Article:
Christian Shepherd. Bam. Remember how everyone noted that Jack referenced his dead dad as if he was very much alive while stealing pills from the Hospital in his flashforward? Well, what if Jack really was just “upstairs” in the Hospital and seemingly saw his dead dad sitting there and talking to him. In Jack’s drunk state, it would be very easy to blend the images that haunt him with reality, leading to the scene that caused so much discussion at the end of last season. Maybe Christian is writing “THEY NEED YOU” on medical pads and showing them to Jack in his dreams. It would make a whole lot of sense - especially since we’ve already seen that an image of Christian Shepherd already exists on the Island.
Before I get to the Christianity of this episode, I really do need to address the last “Missing Pieces” that came out earlier this week. Check it out, and prepare to flip out:
…and with that, the Christian Shepherd debate will undoubtedly rage on for another season. It’s like the Lost writers do this just to torment me.
Let’s keep in mind that the most logical explanation of the story of Christian Shepherd is as follows:
- He DIED in Australia. There was an autopsy that confirmed it.
- Oceanic refused to let Jack board his body onto the plane due to regulations. Instead, they boarded his empty casket to appease Jack, who needed to arrive in Los Angeles with something to bury (this explains the empty casket Jack found in the jungle).
- Jack saw images of his father with white tennis shoes (like a doctor would wear) and a suit (like he probably wore in the casket) – a hybrid of the two lasting images of his father in Jack’s head.
- The images could be caused by Jack’s subconscious, or by the Island Spirit.
If anything, this Missing Piece tells me that there is more than Vincent than meets the eye (he’s a Transformer?) and that the Island Spirit has the ability to directly communicate with him. Heck, maybe it can communicate with all animals, which might help explain some of those wacky Dharma animal experiments.
The other really interesting thing? In the clip, he says “he has work to do”, which is almost the exact same thing that Island Spirit Walt told Locke when he was laying in the Dharma Ditch dying. What does this mean? For one – it might mean that the Island has now brought both Locke and Jack back to life with its healing powers (again, we’re reminded that Jack landed far away from the other Survivors of the crash, in the middle of the jungle). For another, it might mean that the Island is picking and choosing how it interacts with our Survivors based on what it needs.
If you argue that the Island wants our Survivors to survive and help start fresh / re-populate it / overthrow Ben (based on Alpert’s comments about Ben’s obsession with baby-making, Ben’s ash “cage” around Jacob’s house), it would need Jack to survive the crash to apply his medical knowledge to save people, and to apply his leadership skills to keep everyone from killing themselves in the first few days post-crash. It would then need Locke to survive Ben’s shot to the stomach to help protect it against the Freightors. You can see how even though Locke and Jack are basically enemies and opposites on the Island, the Island Spirit needed both of them to get to where we are right now.
Back to Christian Shepherd. As I correctly predicted in the episode preview, he appeared in Jacob’s cabin – which still doesn’t make sense to me. However, he’s still wearing the same shoes and suit as every other time we’ve seen him.
We then see an eye appear in front of the window, startling Hurley.
I really wish this eye looked like Locke, because it would make so much sense to have John Locke chilling in the cabin, talking to Jacob (currently in the form of Christian Shepherd), getting instructions on what to do.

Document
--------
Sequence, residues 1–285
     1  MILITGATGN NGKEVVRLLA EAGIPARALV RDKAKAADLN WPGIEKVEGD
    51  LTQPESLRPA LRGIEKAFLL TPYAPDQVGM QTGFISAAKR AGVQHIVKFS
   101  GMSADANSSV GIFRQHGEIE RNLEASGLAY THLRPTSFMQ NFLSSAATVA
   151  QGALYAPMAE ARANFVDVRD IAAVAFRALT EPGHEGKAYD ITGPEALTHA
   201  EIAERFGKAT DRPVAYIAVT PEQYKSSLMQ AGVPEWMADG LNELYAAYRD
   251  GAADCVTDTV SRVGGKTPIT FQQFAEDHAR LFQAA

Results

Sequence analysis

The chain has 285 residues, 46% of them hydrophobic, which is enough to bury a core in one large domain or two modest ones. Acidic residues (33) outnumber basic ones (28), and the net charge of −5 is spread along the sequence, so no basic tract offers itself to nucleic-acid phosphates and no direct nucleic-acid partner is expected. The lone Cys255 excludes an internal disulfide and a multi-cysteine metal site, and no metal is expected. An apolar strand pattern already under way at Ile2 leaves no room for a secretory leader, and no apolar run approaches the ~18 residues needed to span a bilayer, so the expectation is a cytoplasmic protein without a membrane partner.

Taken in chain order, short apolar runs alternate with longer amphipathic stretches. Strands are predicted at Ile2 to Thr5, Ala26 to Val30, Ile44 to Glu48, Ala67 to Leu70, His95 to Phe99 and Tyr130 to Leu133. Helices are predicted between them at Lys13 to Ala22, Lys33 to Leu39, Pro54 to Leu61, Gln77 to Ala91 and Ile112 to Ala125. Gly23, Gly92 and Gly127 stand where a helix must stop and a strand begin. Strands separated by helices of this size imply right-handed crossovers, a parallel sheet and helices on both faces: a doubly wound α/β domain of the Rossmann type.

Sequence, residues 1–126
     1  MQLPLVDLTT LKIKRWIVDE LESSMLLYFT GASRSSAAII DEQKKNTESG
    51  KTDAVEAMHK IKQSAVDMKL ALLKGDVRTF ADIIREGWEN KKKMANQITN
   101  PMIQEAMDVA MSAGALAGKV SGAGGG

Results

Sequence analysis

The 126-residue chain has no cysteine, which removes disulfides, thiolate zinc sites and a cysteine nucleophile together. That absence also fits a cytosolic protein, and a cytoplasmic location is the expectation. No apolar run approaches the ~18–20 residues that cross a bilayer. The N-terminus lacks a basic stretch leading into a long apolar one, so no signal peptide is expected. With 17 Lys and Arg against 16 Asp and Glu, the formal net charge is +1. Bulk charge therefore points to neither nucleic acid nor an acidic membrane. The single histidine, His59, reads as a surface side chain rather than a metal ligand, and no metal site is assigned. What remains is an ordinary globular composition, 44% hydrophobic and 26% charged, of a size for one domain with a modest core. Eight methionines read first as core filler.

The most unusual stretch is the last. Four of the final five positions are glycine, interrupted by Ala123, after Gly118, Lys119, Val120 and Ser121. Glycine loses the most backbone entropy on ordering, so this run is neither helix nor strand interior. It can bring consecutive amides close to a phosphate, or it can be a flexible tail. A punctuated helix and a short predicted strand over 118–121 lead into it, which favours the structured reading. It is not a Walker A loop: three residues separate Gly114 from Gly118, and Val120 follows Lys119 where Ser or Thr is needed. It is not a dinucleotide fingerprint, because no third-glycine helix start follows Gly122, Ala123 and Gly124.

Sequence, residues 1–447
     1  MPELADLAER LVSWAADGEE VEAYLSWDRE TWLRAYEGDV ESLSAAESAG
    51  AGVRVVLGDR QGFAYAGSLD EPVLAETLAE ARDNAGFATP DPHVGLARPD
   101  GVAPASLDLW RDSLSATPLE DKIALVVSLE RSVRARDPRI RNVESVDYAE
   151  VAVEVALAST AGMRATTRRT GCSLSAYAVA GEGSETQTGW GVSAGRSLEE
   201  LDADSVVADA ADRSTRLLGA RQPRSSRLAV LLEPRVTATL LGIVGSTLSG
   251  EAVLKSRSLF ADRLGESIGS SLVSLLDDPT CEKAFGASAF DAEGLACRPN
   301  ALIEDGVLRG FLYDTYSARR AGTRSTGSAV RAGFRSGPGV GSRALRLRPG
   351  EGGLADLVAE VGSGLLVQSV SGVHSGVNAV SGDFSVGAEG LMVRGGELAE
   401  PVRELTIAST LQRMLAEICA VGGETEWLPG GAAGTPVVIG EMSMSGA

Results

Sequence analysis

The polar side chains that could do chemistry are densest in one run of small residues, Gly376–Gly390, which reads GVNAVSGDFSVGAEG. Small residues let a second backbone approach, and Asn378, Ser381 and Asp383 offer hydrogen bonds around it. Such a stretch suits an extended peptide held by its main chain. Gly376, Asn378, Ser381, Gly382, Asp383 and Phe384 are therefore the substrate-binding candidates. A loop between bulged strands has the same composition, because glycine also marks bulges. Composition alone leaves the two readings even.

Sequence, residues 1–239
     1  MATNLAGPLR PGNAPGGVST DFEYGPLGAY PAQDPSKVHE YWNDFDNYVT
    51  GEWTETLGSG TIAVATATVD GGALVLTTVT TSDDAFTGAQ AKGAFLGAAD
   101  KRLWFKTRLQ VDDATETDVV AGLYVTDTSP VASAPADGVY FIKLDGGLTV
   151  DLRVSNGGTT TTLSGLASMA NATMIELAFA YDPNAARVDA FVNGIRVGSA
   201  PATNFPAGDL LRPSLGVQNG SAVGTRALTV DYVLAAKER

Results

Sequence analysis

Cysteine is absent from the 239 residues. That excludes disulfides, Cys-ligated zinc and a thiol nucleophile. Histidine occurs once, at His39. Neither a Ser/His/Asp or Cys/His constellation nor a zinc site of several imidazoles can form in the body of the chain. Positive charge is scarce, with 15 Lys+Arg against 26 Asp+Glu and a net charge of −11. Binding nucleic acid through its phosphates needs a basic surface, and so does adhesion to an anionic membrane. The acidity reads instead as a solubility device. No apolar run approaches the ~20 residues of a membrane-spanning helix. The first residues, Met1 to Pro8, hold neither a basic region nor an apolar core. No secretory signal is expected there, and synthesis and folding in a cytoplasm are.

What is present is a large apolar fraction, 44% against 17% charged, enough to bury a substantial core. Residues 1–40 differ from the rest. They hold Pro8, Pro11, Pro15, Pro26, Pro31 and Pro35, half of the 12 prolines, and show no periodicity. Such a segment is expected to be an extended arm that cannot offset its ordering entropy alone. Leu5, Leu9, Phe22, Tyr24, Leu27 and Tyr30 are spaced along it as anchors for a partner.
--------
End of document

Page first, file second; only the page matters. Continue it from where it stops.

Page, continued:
Unfortunately, it looks like the same eye that appeared in the window during “The Man Behind the Curtain”. For me, that doesn’t look like the eye of any character we’ve met on the show. You can see the hints of a mustache beginning at bottom, and perhaps the indication of longer dark hair around the edges. The eye also doesn’t match the look of any current characters that I can see.
This leaves us with the puzzling scenario where the mustached Jacob is sitting and having a conversation with… himself, in the form of Christian Shepherd. It doesn’t make much sense, unless you argue that Christian is really Smokey, and Jacob is a separate entity from Smokey – or that there are two different forms of Smokey, one light (and good) and one dark (and bad) and they are both at play on the Island.
For us, it’s best to just leave this one alone for now. Anything we could conclude would just be unfounded speculation at this point – but we’ll keep this scene in mind for the future.
Two more quick points, and I’ll wrap it up!
Ben. Isn’t it ironic that Locke willing allowed Ben to join Team Island, when Ben shot and attempted to kill him only a few days prior? Especially if the Island Spirit really has anointed Locke as the new chosen one, you would think it would have instructed Locke to keep Ben away – unless it views him as someone who genuinely wants to protect the Island, and it will take whatever numbers it can get to do so.
It’s also strange that Locke chose to go to the Barracks, instead of attempting to find “the Temple” where the remaining Others went at the end of last season. Part of me is afraid we won’t be seeing those remaining Others for quite some time – which saddens me since there is still so much to learn about them. But it really looks like the story is heading away from them and towards the Freightors in the first part of this season (which is convenient, since Richard Alpert probably wouldn’t have been able to be on the show anyways since he’s on a failing CBS show).
Naomi. Why did Naomi lie to her fellow Freightor about her injury? Was she giving some code to them when she said “tell my sister I love her?” Is she really concerned about getting our Survivors rescued? Or is she afraid that a distress signal would cause the Freightors to abandon their mission out of fear of succumbing to the same fate on the Island?
It’s a mystery.
It’s also a mystery why they are continuing to parachute drop on the Island instead of sending in a boat or landing a helicopter on one of the many open fields on the Island. Could it be that the Island is still “protecting” itself with some sort of magnetic shield that prevents mechanical engines from getting too close (if you remember, this was one of the early favorite arguments for the crash of Oceanic Flight 815)?
I’m not sure – but that’s a discussion for my next post, since next week’s Freightor-centric episode should have a ton of answers.
Until then – happy Losting!
Official “The Beginning of the End” Analysis Message Board Post: http://facethewoods.com/lost/index.php?topic=237.0